Egypt, their slave drivers, were being destroyed in front of them. All because the Pharaoh refused to let them go. God did amazing wonders. Yes, it caused greater issues in the meantime. Pharaoh was more harsh on them at first, but God proved faithful.
How did He bring them out?
Like caring eagles who rescue fallen young on their backs and fly them back to the nest. This same language is used later in the Deuteronomy like this:
“He found him in a desert land, and in the howling waste of the wilderness; He encircled him, He cared for him, He kept him as the apple of His eye. Like an eagle that stirs up its nest, that flutters over its young, spreading out its wings, catching them, bearing them on its pinions …” (Deuteronomy 32:10–11).
God Himself in a pillar of cloud by day and fire by night led them out. He was with them and kept them all the way to Sinai.
And what is the goal of this?
It is not simply to give them freedom, but to bring His people to Himself. God had more in store than temporary things. He was establishing a relationship with them.
God saves us from utter destruction. Is this not our story? As we’ve said and will continue to see, Exodus provides the language for salvation used in the rest of the Bible.
What did God do to our sin?
He nailed it to a tree. Christ bore the weight of our sin on the cross. He absorbed the wrath of God for sin, the wrath that we deserve. If you have feelings of guilt over past sin, I beg you to look at the cross.
In Paul Bunyan’s Pilgrim Progress, when Christian was at the foot of the cross, his burden fell from his back. Let this be you right now. Christ has paid for your sin. It isn’t supposed to remain a shadow over your life any longer.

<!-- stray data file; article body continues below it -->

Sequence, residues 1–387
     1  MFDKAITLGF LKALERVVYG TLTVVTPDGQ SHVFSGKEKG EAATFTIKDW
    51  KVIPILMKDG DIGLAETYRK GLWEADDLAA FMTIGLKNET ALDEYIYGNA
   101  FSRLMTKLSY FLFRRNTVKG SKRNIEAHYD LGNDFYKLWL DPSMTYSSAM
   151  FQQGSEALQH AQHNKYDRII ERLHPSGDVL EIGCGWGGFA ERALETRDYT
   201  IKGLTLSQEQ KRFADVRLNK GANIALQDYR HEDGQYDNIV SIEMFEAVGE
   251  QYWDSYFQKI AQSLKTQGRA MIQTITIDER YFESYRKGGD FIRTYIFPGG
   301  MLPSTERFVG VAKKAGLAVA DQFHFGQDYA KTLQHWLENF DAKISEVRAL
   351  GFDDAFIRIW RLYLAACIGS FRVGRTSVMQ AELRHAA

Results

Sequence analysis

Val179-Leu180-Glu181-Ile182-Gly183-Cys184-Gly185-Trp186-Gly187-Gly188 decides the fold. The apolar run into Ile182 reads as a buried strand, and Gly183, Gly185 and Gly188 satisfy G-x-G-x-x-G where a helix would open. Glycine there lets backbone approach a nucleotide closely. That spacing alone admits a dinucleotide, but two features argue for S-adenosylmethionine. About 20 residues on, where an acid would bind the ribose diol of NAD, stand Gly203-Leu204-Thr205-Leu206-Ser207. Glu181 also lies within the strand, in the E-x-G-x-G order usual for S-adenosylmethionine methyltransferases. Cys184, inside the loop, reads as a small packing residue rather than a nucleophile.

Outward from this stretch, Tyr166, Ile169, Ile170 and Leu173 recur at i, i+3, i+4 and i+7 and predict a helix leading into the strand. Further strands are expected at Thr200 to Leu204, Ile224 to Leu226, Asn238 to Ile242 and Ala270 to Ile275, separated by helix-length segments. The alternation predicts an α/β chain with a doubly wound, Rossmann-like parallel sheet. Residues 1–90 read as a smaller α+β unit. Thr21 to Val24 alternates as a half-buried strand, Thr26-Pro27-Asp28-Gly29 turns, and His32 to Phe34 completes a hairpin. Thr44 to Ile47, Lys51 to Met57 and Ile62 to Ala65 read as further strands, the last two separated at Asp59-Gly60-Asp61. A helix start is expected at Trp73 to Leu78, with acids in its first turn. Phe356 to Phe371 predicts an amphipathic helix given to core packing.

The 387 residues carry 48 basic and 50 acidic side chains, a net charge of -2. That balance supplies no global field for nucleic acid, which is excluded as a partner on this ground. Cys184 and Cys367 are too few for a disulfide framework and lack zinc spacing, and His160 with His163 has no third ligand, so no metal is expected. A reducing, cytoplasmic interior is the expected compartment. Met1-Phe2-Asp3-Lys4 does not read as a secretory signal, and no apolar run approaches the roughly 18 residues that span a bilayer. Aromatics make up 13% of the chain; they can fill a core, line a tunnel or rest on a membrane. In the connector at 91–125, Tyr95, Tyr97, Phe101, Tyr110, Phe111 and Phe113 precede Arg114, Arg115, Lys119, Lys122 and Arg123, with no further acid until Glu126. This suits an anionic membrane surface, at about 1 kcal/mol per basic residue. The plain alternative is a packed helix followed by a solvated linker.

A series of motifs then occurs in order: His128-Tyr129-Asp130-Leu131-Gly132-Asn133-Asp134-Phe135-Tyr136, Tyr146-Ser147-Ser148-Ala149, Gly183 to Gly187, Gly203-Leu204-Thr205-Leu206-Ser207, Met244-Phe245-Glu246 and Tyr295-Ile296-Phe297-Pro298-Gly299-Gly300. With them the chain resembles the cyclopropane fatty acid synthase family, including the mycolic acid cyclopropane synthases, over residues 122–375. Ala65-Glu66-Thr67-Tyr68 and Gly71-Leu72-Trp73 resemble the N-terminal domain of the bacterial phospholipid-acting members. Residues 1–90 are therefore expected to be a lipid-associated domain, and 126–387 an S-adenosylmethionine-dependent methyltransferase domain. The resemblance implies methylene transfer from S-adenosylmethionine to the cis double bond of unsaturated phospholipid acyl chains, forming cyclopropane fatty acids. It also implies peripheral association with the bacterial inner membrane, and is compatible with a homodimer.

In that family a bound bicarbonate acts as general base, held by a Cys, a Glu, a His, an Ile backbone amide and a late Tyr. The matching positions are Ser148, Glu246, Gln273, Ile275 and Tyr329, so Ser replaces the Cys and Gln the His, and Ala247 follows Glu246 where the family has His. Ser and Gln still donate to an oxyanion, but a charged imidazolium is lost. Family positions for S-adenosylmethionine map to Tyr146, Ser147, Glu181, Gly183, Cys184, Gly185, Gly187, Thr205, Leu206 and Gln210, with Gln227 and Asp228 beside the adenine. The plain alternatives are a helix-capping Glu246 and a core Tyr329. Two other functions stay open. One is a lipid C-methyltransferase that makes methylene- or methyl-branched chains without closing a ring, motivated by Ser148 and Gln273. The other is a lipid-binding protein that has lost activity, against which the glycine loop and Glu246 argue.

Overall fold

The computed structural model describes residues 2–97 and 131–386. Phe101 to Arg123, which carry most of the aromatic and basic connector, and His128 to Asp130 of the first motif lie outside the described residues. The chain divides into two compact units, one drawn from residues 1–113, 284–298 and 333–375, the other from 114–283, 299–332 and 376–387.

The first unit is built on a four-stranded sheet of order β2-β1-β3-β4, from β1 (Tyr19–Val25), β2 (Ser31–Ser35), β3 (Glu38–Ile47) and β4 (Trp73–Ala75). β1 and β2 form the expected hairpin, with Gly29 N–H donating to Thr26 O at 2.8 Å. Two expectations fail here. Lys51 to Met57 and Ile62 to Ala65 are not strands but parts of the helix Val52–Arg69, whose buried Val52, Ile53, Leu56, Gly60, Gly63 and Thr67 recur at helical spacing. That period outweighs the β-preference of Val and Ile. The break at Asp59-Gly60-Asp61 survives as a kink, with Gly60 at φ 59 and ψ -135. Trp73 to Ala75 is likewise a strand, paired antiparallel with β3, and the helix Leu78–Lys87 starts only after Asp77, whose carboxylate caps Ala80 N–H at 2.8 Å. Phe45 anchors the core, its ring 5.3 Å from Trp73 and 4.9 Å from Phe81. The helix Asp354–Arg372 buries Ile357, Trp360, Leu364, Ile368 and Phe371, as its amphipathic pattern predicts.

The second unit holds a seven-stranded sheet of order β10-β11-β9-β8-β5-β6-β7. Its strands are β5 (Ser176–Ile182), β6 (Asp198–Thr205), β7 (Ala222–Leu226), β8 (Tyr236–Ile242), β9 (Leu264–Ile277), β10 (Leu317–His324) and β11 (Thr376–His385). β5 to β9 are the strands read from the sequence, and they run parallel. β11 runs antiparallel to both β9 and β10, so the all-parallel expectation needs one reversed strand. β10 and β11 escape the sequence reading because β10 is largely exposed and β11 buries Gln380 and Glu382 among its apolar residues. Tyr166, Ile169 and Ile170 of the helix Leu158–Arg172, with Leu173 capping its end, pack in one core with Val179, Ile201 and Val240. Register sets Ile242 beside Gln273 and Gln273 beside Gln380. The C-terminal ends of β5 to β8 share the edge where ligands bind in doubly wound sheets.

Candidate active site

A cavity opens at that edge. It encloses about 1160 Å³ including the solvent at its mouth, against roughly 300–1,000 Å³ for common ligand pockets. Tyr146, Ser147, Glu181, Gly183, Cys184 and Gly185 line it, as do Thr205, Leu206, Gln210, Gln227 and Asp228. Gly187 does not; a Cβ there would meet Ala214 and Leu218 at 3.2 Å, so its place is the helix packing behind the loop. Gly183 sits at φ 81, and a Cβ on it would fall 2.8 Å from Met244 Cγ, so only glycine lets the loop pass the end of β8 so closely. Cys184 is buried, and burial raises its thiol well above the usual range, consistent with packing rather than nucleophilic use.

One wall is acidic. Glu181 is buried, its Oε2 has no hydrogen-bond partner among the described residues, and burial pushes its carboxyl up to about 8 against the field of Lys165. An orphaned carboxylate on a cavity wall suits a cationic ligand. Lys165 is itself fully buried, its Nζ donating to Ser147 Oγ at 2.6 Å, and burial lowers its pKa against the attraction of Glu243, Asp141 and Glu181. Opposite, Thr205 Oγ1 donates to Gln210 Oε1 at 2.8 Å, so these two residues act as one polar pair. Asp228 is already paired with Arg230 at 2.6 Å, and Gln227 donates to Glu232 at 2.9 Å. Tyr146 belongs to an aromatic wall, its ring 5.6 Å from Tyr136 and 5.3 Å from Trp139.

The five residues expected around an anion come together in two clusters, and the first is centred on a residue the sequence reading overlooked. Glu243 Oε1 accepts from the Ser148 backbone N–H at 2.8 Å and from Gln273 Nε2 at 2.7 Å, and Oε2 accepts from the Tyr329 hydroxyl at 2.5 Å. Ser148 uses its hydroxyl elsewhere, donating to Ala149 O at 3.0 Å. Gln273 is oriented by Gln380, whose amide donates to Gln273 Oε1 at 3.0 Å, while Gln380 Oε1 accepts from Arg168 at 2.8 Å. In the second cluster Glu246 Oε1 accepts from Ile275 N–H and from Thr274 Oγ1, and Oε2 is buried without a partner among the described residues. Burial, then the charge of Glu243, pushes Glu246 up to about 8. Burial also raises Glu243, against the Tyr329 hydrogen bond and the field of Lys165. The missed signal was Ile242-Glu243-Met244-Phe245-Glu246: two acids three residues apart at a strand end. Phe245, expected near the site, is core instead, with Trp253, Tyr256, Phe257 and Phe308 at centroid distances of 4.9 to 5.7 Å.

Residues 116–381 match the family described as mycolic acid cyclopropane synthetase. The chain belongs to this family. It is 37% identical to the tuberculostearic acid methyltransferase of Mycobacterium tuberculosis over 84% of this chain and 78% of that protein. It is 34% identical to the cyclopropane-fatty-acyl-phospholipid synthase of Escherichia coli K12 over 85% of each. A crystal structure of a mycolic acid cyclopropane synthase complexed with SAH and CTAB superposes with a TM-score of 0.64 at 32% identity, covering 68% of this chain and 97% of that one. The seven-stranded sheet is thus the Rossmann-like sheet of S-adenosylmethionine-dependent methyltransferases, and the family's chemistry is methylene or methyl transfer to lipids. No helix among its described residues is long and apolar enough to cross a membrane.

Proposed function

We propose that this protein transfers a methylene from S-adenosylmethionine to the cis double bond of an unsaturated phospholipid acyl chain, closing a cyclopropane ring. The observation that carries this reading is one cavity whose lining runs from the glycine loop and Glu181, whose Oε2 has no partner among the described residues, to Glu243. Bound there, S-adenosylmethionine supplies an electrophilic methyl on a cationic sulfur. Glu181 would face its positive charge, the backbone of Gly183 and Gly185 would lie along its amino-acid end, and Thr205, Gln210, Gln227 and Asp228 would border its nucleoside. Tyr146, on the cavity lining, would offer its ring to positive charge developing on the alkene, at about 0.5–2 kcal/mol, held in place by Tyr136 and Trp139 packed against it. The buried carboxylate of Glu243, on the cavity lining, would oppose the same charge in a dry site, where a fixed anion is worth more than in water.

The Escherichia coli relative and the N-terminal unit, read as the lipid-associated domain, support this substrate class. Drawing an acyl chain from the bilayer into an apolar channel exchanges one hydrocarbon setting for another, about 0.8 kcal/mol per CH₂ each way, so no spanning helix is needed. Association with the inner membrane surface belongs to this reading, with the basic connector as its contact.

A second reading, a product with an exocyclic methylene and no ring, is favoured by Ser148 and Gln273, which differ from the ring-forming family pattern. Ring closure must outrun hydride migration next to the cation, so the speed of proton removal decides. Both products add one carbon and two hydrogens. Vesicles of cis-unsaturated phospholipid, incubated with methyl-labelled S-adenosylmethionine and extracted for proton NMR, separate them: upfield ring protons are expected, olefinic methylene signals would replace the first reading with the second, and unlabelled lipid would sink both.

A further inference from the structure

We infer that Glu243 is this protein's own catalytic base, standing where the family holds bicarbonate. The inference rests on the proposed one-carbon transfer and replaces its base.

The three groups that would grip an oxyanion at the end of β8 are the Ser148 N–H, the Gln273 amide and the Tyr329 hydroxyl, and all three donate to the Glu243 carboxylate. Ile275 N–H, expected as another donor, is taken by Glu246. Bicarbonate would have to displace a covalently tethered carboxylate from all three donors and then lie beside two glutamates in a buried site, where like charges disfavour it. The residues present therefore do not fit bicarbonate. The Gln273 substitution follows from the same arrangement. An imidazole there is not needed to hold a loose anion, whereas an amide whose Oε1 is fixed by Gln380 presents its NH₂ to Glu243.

Yes, our past sins can be helpful to remember, but only insofar as they help us prepare for possible areas of temptation in the future. Or only insofar as remembering those sins causes a greater thankfulness for the grace of God in our lives. He had brought you out!
How did He bring you out?
Certain aspects of every salvation story are the same, but so many details vary from person to person. It is wonderful to see the different ways that God has accomplished the work of salvation in each of our lives.
This is one reason why I find biographies so enjoyable, specifically believers of the past. The Lord is amazing in His faithfulness.
I was the son of a preacher. I grew up in church, literally. If the doors were open we were there. And this was when Sunday services happened twice every Sunday, Wednesday had a service, there was SS and DT and choir. And the Lord had been working on me. Then one evening in a prayer time before falling asleep, the Lord saved a 6 year old James. And He hasn’t left me alone ever since.
By all accounts, I was a good, though mischievous, little kid. But each day that goes by gives me a greater appreciation for the work that He did in my life so long ago. What is your story?
Do you dwell, really remind yourself often, on how God continues to draw you deeper into relationship with Him and deeper into His people?
Instead of New Years Resolution, which most of us have dropped and failed at already, let’s have a New Years Reflection. What has God done in 2023 that brought you into a closer relationship with Him? How has He blessed you? In what ways do you see Him moving?
I believe one of the reasons that Christians are so distracted by the modern world around us is that we don’t take enough time to look at the handiwork of God in our lives.
Ultimately, the sin that has enslaved us apart from Christ ends in destruction. Jesus doesn’t just save us from sin, but from the eternal consequences of sin as well.
“For the wages of sin is death, but the free gift of God is eternal life in Christ Jesus our Lord” (Rom. 6:23).
We are saved from destruction.
This is what He has done. God has saved us from utter destruction. Next time, we will see how we are to respond to this glorious news of salvation.